“I was thrilled the funds were going to the trail,” she said. “I use it, I live nearby, I love it.” Sometimes it’s difficult to decide what painting to offer the club each year, but this year it was easy, she said.

“I went in early February and took some photos after a beautiful snowstorm and thought I’d do a painting of this.”

She hasn’t done any other paintings of the trail — yet. “I didn’t start walking it until the fall. I didn’t realize how great it was,” she said. “I thought it was like the Town Forest with a lot of roots.” Then her daughter came home for a visit, and being a runner, she took to the trail and reported back to her mother. “She said it was fantastic.”

The painting is of a spot on the path toward Orem’s Diner from Sharp Hill. Acrylic on canvas executed with palette knives, it is framed and measures 18 by 20 inches. It is posted on (search for Maya Boreen) and on the artist’s Facebook page.

Through, anyone interested may get the painting as a framed print, on note cards, on T-shirts, and in many other forms. That option will be available at the silent auction.

For future fund raising, Boreen is considering a series of paintings of different parts of the trail during different seasons.

The Fashion Show and FUNdraiser will be catered by Rolling Hills and includes a cash bar. To register, to advertise in the event program, or  simply for more information, visit

The trail

The Norwalk River Valley Trail is planned as a 38-mile network of trails from Calf Pasture Beach in Norwalk to Rogers Park in Danbury, passing through Wilton, Redding and Ridgefield.

When it came to picking a beneficiary, club co-president Donna Sargeantson said it was an easy choice. Members wanted it to have some bearing on what the club has been doing the past 50 years and they wanted it to have a “tangible and evident impact on the Wilton community, specifically,” said Sargeanston, who shares the co-president office with Stacy Crameri.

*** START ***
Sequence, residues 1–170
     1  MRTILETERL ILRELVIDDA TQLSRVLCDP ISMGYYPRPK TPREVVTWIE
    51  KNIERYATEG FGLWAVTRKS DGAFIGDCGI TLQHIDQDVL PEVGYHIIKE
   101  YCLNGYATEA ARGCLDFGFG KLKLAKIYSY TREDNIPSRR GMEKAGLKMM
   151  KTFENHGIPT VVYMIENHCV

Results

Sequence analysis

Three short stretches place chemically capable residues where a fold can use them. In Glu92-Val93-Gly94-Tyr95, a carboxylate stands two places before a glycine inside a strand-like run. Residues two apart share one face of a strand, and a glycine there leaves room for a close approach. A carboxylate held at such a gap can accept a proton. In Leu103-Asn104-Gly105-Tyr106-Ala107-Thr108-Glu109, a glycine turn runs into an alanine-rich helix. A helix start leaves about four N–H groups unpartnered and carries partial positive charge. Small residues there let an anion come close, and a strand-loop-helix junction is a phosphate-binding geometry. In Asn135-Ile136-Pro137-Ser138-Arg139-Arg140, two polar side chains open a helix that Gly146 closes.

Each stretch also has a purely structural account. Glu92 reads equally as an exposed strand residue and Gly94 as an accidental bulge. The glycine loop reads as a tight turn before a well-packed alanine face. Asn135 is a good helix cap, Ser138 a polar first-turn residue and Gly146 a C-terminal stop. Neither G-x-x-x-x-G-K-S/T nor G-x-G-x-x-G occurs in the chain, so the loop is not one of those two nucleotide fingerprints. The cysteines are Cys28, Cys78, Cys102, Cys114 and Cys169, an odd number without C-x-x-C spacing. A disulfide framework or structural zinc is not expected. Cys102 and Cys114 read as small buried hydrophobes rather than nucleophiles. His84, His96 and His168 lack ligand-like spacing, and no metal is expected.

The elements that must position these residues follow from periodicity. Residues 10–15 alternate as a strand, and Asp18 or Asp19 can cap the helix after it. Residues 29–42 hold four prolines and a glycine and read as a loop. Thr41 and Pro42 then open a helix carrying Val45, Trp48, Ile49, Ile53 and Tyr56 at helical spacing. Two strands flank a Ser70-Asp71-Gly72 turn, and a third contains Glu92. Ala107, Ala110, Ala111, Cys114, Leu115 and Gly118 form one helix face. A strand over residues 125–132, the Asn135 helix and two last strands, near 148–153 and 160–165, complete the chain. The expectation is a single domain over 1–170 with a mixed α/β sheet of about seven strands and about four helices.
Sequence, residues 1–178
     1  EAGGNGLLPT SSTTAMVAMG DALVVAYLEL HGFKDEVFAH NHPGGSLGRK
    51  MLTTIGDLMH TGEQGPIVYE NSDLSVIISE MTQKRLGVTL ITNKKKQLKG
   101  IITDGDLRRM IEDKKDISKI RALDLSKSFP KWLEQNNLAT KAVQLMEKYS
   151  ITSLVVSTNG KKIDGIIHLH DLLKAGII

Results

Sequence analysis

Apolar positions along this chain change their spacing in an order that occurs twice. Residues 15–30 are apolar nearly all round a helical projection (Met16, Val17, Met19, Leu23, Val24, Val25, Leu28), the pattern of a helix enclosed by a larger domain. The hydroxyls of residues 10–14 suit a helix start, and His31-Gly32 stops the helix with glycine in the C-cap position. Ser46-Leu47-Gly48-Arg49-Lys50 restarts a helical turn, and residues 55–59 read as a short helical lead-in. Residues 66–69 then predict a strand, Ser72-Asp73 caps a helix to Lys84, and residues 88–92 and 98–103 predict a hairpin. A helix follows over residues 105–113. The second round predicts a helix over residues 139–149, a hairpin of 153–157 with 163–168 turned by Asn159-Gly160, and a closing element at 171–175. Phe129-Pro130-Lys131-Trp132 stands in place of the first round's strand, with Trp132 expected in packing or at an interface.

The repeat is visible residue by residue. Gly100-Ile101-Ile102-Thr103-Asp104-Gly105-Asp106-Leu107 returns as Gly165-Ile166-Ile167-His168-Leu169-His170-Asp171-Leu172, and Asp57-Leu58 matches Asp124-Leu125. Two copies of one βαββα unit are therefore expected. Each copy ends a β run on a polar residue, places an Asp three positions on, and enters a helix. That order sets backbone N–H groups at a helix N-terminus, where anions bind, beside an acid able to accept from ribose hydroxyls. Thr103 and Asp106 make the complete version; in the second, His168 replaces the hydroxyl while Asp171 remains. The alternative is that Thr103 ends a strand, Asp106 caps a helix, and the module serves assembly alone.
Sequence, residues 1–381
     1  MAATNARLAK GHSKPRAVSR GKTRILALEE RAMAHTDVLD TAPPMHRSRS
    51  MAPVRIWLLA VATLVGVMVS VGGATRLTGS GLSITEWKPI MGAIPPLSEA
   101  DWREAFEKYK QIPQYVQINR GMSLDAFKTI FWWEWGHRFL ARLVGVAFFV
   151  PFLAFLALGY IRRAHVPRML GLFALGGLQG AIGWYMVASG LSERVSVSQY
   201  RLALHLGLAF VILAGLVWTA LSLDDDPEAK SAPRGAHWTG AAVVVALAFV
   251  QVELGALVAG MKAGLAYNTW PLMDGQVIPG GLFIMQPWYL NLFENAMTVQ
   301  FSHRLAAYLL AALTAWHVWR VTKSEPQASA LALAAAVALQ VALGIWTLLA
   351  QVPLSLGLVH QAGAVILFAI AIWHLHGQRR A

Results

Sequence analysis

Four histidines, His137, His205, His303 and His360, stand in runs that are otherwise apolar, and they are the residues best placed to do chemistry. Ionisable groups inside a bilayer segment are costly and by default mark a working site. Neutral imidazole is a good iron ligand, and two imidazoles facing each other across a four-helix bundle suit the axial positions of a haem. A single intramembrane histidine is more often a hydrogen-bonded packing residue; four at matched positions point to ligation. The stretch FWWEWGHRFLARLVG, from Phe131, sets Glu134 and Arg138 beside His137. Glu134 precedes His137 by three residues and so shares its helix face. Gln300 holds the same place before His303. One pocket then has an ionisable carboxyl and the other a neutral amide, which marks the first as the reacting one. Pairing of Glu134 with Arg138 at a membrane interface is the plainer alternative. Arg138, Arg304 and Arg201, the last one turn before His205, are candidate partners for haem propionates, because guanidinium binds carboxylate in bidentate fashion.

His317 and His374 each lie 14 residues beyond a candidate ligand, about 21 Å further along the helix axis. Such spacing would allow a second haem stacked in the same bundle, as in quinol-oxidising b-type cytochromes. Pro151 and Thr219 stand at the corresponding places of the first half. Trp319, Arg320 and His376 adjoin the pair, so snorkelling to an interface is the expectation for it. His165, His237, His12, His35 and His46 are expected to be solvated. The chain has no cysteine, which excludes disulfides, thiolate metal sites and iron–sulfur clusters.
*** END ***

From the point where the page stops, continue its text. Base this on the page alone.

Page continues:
“We knew it was an issue we wanted to be part of,” she said of the trail. “It’s a perfect fit for us. It fits our long-term interests and is quite tangible in terms of its impact on the community.” By supporting it, club members also thought they could widen knowledge of the trail throughout the community.

It is the sole beneficiary this year because “we felt if we could donate all the proceeds it would have a more immediate and tangible effect,” Sargeantson said.

Much has been accomplished along the trail in Wilton, with 1.5 miles of the eastern portion of the eight-mile Wilton Loop completed. The loop extends from the Wolfpit Road area to Cannondale. This year, the Wilton committee is looking to install 300 feet of boardwalk over wetlands from the trail’s current terminus to Twin Oak Lane that could be used as an educational platform by science teachers. The plan is to complete another half-mile to Skunk Lane, and there are also plans to build a short section along Wolfpit Road at Horseshoe Pond.

The trail, which is ADA-compliant, has always been envisioned as a means for people of all ages to have increased access to outdoor recreation, be they walkers, runners, bicyclists, or simply out socializing with family and friends.